Tuesday, 25th October 2011
Impact of Early-Life Bisphenol A Exposure on Behavior and Executive Function in Children
Source: Pediatrics Journal
From the abstract:
Objectives: To estimate the impact of gestational and childhood bisphenol A (BPA) exposures on behavior and executive function at 3 years of age and to determine whether child gender modified those associations. ...
Conclusions: In this study, gestational BPA exposure affected behavioral and emotional regulation domains at 3 years of age, especially among girls. Clinicians may advise concerned patients to reduce their exposure to certain consumer products, but the benefits of such reductions are unclear.
+ Link to full article (PDF; 785.34 KB)
By Peggy Garvin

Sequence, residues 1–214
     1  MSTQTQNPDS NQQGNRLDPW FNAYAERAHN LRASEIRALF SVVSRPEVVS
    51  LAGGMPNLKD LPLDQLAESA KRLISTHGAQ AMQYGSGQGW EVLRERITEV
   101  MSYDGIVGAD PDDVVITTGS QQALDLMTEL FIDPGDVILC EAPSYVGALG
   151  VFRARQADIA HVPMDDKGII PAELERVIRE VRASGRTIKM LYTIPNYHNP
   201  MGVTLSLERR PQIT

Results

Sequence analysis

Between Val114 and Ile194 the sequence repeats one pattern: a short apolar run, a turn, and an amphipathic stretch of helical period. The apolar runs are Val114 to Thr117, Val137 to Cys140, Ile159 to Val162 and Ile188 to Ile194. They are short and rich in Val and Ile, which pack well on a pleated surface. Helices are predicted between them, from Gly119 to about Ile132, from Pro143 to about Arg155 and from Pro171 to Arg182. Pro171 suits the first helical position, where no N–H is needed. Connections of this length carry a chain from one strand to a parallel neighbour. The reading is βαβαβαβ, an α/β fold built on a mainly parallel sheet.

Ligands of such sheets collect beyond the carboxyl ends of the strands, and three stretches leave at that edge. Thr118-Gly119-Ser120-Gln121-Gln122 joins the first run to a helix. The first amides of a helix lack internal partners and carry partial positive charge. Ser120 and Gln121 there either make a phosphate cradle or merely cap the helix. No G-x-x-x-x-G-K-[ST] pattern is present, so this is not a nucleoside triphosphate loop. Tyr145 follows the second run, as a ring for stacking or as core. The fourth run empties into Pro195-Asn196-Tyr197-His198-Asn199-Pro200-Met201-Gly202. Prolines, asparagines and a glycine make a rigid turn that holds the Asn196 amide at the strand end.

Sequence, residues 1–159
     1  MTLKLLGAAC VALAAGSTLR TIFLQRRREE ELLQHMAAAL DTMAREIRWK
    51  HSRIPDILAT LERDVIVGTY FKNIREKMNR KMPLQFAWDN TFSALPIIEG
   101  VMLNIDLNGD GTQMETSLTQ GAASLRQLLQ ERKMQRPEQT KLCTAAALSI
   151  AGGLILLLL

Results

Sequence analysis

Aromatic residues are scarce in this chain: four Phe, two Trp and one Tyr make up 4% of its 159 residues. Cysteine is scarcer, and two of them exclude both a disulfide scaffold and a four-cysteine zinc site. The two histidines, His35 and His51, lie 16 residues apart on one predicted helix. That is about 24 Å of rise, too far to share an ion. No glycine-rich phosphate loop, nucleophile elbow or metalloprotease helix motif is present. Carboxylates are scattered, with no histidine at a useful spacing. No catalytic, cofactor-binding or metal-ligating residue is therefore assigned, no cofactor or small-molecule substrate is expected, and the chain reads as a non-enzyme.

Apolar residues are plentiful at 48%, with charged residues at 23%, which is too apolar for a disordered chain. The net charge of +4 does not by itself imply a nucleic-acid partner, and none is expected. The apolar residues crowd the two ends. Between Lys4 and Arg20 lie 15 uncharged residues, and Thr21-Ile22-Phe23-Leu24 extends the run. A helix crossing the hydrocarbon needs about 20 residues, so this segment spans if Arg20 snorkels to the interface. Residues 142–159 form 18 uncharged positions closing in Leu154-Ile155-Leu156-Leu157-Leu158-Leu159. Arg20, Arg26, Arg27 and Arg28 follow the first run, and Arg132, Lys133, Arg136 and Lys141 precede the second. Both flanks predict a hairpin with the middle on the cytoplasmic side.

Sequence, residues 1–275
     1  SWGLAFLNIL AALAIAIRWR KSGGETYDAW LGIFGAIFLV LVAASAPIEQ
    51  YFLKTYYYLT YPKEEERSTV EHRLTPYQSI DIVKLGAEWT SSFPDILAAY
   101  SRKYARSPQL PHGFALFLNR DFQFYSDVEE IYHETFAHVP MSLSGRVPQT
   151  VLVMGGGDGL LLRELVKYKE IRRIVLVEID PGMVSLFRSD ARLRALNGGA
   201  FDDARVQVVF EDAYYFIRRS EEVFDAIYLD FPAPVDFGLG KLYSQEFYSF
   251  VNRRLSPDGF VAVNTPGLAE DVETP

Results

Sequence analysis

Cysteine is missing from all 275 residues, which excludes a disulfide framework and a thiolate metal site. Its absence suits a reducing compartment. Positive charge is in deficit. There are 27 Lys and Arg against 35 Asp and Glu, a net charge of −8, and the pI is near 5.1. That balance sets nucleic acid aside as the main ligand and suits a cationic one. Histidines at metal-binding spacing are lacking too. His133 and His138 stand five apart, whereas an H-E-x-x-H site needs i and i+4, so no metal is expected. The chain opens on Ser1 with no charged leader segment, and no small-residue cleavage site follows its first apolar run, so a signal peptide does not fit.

Peggy Garvin, of Garvin Information Consulting, is the author of United States Government Internet Directory (Bernan Press) and Real World Research Skills, 2009 (TheCapitol.Net). In her 20 years in the information business, Peggy has managed electronic information products and services in a variety of environments, including commercial publishing, e-commerce, law firms, and the Congressional Research Service of the Library of Congress. Peggy's work has been recognized with the 2011 SLA Dow Jones Leadership Award. She has a Masters of Library Science degree from Syracuse University School of Information Studies.
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